Interview with Author Leanna Renee Hieber

This week we are talking with Leanna Renee Hieber, author of Strangely Beautiful, The Eterna Files, and the sequel, Eterna and Omega.


Airship Ambassador: Hi Leanna, thanks for joining us for this interview.

Leanna Renee Hieber: Hi Kevin, thanks so much, I’m truly thrilled to be here.


AA: Readers may know you from your previous work, including Darker Still and the Magic Most Foul trilogy, along with stories in anthologies such as Willful Impropriety, The Mammoth Book of Futuristic Romance, and Queen Victoria’s Book of Spells: An Anthology of Gaslamp Fantasy. Now, while running two series at the same time, Strangely Beautiful, and The Eterna Files, your latest book Eterna and Omega is being published. What are those two series about?

LRH: My books are sweeping, atmospheric Gothic Victorian sagas set in the late 1800s where paranormal things happen to otherwise normal people. My characters are unlikely heroes called forth to fulfill great purposes and destinies. In each of my series, I try to create quirky, unique but relatable characters who are up against dreadful odds but come together as teams, chosen family and a beloved community to fight against malevolent forces.

Strangely Beautiful is a sweeping Gothic romantic fantasy about Victorian spirit patrol (ghostbusters, basically). If Harry Potter and Jane Eyre had a lovechild it would be the Strangely Beautiful series, infused with healthy doses of Greek Mythology, epic spiritual battles and references to lots of Gothic classics.

The Eterna Files series is an X-files meets Penny Dreadful (except mine has a better ending) kind of saga, a darker, grittier tale where two paranormal offices, one in London and one in New York, are pitted against each other by a demonic third party. The Eterna and the Omega offices, respectively, have been tasked by the American and British governments to race for the cure for death. This leads to catastrophe but also to innovation and the teams find a weapon in protective magic and solace in bringing the teams together as the series progresses.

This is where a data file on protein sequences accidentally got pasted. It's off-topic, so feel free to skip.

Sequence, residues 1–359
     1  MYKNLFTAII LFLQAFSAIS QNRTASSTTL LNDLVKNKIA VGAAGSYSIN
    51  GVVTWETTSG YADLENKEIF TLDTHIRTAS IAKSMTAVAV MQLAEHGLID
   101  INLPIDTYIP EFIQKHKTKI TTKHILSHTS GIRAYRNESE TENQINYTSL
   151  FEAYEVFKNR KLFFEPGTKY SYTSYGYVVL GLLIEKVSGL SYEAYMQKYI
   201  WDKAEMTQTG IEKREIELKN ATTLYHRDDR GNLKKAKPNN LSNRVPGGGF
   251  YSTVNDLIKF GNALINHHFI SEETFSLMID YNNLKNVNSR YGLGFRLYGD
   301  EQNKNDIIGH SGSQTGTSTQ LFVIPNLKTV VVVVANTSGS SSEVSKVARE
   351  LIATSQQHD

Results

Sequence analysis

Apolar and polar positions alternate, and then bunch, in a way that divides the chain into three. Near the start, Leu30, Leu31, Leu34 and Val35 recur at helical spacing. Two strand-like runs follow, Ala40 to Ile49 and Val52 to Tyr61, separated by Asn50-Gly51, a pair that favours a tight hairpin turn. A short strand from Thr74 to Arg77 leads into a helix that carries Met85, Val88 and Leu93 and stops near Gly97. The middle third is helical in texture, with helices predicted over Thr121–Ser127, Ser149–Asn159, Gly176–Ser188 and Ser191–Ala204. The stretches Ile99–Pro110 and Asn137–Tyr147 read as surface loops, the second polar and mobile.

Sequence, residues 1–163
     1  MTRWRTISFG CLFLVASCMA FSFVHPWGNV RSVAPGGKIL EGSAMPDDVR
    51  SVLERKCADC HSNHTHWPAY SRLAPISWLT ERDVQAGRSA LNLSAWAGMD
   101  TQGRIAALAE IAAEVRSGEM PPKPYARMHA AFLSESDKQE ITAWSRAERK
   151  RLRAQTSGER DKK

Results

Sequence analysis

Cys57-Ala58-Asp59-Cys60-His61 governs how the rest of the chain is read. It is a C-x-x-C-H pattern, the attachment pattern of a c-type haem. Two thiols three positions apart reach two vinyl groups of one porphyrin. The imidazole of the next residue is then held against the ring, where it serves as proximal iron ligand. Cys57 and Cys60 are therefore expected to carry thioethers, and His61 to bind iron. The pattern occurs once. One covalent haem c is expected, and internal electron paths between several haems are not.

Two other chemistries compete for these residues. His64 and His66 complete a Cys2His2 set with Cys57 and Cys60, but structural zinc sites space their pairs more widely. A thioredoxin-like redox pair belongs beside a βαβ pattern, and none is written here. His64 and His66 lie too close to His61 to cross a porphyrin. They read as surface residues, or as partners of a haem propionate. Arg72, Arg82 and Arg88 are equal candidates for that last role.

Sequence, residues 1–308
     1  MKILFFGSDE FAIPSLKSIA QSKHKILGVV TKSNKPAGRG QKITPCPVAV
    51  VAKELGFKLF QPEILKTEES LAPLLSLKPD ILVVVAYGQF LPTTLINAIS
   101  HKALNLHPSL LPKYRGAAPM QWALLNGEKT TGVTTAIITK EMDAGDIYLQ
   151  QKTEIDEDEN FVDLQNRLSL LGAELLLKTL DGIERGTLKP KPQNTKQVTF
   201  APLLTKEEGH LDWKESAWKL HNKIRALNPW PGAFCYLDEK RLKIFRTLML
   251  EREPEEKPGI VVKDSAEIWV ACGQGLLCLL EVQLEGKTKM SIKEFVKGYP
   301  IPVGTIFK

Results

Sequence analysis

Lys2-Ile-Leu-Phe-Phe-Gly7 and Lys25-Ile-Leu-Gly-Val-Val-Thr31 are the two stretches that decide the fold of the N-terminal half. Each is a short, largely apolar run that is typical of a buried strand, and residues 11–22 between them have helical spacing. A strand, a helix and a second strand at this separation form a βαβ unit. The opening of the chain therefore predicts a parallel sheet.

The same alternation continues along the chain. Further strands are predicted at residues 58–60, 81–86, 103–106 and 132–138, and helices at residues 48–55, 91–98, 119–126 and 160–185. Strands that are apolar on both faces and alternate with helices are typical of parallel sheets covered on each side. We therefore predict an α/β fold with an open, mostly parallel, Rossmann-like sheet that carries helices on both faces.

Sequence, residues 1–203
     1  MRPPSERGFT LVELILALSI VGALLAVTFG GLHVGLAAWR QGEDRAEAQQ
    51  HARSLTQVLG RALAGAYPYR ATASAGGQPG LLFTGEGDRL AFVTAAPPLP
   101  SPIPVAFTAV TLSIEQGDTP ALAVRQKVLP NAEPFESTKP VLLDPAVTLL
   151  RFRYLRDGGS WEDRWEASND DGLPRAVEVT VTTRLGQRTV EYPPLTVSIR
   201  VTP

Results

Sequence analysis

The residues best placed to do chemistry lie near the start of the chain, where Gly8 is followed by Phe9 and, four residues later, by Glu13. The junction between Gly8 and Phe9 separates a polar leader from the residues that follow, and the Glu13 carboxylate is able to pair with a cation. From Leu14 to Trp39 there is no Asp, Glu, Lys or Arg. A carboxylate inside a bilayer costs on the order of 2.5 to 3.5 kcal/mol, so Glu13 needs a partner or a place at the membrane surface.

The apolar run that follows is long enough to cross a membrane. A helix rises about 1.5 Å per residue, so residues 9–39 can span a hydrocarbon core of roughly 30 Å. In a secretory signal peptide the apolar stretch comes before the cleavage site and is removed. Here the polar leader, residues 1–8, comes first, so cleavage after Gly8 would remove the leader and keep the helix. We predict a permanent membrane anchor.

My work is PG-13 in content and all worlds are parallel worlds featuring crossover characters. One doesn’t need to read all the series to appreciate them separately but the effect and care for characters is deeper for readers who dive into the whole Hieberverse.


AA: That’s a lot of intriguing content for readers to sink into. Why choose steampunk as the aesthetic and feel?

LRH: I love how steampunk has such a generous wingspan of 19th century cross-genre imagination. Tor Books, my publisher, uses the term Gaslamp Fantasy for my work instead of Steampunk, only because my characters and worlds utilize fantasy tropes rather than the Victorian science fiction celebrated in Steampunk. Alternate technology infuses steampunk with such innovation, and while my stories don’t feature gadgets or airships, I feel just as passionately about fantastical tropes and paranormal conventions and am glad these fictional cousins are perfectly comfortable under the same parasol.

All of my books are some degree of ghost story. The Victorians were obsessed with the dead, with séances, with an elaborate death culture because for all the 19th century industrial innovations, there was still such a high death rate. It was a time of fierce change, great innovation, historic injustices, widespread colonialization, native genocides and displacements, simultaneous with the birth of civil rights movements, suffrage, new artistic movements, elegant fashion, grit coupled with grandeur on every level. Steampunk and Gaslamp Fantasy allow for authors to focus on certain dramatic and often tempestuous historic aspects while heightening the possibilities of others. I don’t need to invent the strong, forward-minded characters facing down the conflicts of the time period, they were there in history and I love showcasing that kind of sharp, imaginative mind in my work.